Police called in over '˜lies' by former commissioner on Rotherham child sex scandal

PARLIAMENT has asked the police to investigate allegations a former police and crime commissioner lied to MPs when he gave evidence to a Commons committee about the Rotherham child sexual exploitation scandal.

The Home Affairs Select Committee has referred the allegations against Shaun Wright, former South Yorkshire PCC, to the Metropolitan Police for investigation.

In a statement, the committee said tonight: “The Home Affairs Committee has received two complaints alleging that a witness who was examined on oath by the former Committee in the last Parliament deliberately misled the Committee.

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“Since lying to a committee of the House when under oath would constitute the criminal offence of perjury, the Committee has resolved today to refer the complaints to the Commissioner of Police for the Metropolis for investigation. Any further action is for the police and the prosecuting authorities to consider.

“Since a criminal offence is alleged, it would not be appropriate for the Committee to make any further comment.”

MPs on the committee made the dramatic decision to ask the police to investigate while meeting in private today ahead of a formal public session on a separate inquiry into hate crime.

The committee took the action after it was passed complaints about Wright’s conduct which were initially received by the South Yorkshire Police and Crime Panel.

Details of the allegations forwarded by the panel are not known but it is known they involve evidence Mr Wright gave to the committee in September 2014.

The panel initially referred complaints it received about Mr Wright’s conduct to the Independent Police Complaints Commission but subsequently forwarded them to the committee last month after the IPCC ruled it could take no action. It said giving false evidence to the committee could be considered a contempt of Parliament but not a criminal offence.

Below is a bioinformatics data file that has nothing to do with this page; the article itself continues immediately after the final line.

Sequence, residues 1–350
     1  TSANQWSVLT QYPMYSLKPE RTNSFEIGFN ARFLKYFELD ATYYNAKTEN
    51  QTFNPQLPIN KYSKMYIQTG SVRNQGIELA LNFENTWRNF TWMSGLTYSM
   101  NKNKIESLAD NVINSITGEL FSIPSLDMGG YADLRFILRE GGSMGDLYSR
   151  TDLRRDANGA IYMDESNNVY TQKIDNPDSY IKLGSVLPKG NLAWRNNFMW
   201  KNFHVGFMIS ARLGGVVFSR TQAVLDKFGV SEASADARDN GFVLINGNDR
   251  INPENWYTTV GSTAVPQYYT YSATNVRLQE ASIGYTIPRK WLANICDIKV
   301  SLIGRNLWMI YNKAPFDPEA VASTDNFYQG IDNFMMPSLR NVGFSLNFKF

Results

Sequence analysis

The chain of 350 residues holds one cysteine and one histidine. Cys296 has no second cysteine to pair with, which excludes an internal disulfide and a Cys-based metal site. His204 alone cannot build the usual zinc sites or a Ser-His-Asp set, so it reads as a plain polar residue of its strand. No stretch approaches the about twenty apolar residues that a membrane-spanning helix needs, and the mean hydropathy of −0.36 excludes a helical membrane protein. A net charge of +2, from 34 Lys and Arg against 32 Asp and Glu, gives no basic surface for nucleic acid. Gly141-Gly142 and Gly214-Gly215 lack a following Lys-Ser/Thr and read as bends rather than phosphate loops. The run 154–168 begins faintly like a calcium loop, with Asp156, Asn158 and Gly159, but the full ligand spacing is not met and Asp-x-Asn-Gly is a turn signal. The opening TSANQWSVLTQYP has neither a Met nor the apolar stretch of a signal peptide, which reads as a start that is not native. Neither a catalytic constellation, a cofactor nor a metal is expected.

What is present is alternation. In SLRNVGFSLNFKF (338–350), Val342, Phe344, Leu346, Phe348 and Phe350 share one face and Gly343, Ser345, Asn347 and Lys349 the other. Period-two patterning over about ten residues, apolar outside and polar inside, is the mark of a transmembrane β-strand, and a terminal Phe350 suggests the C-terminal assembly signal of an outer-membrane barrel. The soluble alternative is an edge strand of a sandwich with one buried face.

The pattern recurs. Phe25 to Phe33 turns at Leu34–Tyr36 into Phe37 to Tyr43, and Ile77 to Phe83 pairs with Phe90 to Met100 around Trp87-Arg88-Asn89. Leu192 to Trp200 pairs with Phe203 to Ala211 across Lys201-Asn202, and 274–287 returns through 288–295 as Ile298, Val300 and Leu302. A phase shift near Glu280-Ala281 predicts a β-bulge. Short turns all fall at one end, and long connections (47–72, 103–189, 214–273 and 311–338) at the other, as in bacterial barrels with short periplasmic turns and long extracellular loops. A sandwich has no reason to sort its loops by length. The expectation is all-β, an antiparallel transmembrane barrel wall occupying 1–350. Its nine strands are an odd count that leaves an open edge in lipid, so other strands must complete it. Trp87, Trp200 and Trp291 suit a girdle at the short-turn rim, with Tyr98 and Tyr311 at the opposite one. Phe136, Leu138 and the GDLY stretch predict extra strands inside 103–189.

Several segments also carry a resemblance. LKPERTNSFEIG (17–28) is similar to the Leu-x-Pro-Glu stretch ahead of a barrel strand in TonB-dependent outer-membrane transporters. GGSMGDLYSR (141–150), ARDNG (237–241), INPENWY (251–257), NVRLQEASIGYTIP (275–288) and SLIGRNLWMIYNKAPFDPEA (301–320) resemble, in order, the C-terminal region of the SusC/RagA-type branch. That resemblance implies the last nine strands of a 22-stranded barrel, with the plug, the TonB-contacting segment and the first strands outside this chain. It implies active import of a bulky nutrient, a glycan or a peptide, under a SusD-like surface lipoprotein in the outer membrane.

However, the Home Affairs Committee has now decided Mr Wright’s conduct could amount to a criminal offence.

When the former PCC appeared before the committee he was one of a number of key witnesses on the child grooming scandal who were required to give evidence under oath - a relatively rare step for a select committee to take. The chairman at the time, Keith Vaz, explicitly warned him that meant action could potentially be taken for perjury if he gave false evidence.

During the course of Mr Wright’s appearance, Mr Vaz made it clear the committee did not accept his evidence.

In particular, Mr Vaz took issue with Mr Wright’s claims he was not aware child sexual exploitation was a significant problem while he was responsible for children’s services as a Rotherham Council cabinet member between 2005 and 2010.

At one point, Mr Vaz said: “We do not accept for one moment the evidence you have just given that you did not know that this was an issue.

“We accept as a committee that you did know. We accept the evidence that has been given by people who have come here before this committee and gave evidence before the committee last year that you were well aware of what was happening. That is our view as a committee.”

Other MPs took issue with Wright’s evidence that he did not recollect a reported face-to-face meeting with a victim of sexual exploitation.

The PCC was giving evidence in the wake of the publication of a devastating report two weeks earlier that found at least 1,400 children had been sexually exploited in Rotherham between 1997 and 2013.

Professor Alexis Jay’s report described the abuse, which included girls as young as 11 being raped by multiple men, as appalling and laid bare the failure of the council and South Yorkshire Police to tackle a problem that was an open secret in the town and had been raised in a series of official reports.

Mr Wright told the committee he didn’t recall a single report from Ofsted or any other external organisation that flagged the abuse as being a significant issue and said he had acted on recommendations in internal reports, including the provision of increased resources.

A week after the committee appearance, Mr Wright finally resigned as police and crime commissioner after a chorus of calls for him to go, including one from then prime minister David Cameron.